Energy pricing is always a very contentious issue. There are three primary competing interests. The consumer wants it at the lowest possible cost. The investor wants to make the most possible profit. The government wants to collect the most tax while at the same time appearing to protect the consumer. Today, I do not want to talk about the formula for price controls but just on the understanding of what energy really costs. My pet peeve with the energy sector globally has been that almost every energy type is sold it its own unit of sale and almost all energy pricing methods do not use an actual energy unit for selling the energy. In Kenya, we buy charcoal in tins, firewood in bundles or meters cubed, LPG and coal in kg, petrol, diesel, kerosene and fuel oil in litres, biogas in meters cubed, solar and wind in watts, solar hot water in litres and grid electricity in Kwh. Only the grid electricity is sold in an actual unit of energy, which is kilowatt hours and that is the SI unit for energy in the metric system. The fact that all the others are not sold in energy terms, means that the consumer, investor and government are not able to see a price and immediately compare this to other energy sources. Therefore, it is probably a handful of experts who know how to do the conversions and see how much every type of energy costs relative to each other.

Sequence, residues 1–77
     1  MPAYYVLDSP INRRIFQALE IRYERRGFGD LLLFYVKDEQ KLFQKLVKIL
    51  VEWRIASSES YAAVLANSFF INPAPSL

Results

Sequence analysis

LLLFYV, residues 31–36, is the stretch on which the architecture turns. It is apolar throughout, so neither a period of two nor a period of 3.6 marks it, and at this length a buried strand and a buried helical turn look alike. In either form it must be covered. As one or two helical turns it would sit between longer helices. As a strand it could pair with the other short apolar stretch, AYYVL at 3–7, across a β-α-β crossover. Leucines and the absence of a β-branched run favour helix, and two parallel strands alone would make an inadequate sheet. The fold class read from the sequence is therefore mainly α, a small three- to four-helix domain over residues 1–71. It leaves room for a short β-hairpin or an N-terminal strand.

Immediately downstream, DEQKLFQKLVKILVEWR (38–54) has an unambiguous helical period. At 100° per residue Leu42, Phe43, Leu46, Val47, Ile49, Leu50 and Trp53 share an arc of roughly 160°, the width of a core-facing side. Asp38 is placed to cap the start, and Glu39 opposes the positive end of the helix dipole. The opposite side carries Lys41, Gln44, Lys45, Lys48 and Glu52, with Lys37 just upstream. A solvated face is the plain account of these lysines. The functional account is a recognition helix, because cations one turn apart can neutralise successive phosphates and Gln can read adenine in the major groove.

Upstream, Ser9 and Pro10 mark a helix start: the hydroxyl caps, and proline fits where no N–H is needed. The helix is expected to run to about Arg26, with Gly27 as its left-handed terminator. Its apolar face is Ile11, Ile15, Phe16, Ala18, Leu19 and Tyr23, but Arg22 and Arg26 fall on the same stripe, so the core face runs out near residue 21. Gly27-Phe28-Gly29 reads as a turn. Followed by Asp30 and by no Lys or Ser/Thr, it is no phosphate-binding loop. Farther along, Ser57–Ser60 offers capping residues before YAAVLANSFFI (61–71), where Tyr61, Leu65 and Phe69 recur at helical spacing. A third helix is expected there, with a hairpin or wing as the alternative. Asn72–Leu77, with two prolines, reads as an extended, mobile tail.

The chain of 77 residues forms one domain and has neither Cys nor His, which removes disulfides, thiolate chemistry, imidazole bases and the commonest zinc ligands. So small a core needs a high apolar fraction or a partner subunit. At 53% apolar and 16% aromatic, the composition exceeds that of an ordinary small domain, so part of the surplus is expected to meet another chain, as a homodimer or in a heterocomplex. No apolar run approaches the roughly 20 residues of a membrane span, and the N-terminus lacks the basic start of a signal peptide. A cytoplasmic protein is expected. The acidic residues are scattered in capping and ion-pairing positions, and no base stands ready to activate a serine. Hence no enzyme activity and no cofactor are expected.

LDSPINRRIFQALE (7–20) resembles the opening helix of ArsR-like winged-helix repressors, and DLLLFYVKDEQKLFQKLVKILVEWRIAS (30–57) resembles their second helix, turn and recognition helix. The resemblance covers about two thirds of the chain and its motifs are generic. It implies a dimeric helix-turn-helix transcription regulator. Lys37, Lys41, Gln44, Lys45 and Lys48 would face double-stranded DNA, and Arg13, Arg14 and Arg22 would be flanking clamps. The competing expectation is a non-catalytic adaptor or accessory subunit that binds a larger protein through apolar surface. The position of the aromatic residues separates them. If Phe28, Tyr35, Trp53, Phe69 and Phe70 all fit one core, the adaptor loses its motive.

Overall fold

The Kenya Renewable Energy Association has developed the KEREA ENERGY PRICE INDEX to address this challenge and allow consumers to be able to see how much the energy they use compares to all the other energy types sold in the country. The first step done to be able to compare all primary energy costs on the same terms. The prices used are all collected from publicly available quotations and also from the petroleum pricing updates from the Energy and Petroleum Regulatory Authority as well as the latest electricity bills from utilities. There is always a perception that renewable energy is expensive and that is because the cost of generation is paid upfront. The way to compare energy generated from a solar powered system paid for upfront, say against the cost of petroleum is to first establish how much electricity that panel will generate over its lifetime, which is usually at least 20 years. Take for example a 1000-Watt solar panel. How much is this compared to the price of petroleum in Nairobi today at 144 Ksh for Petrol in Nairobi.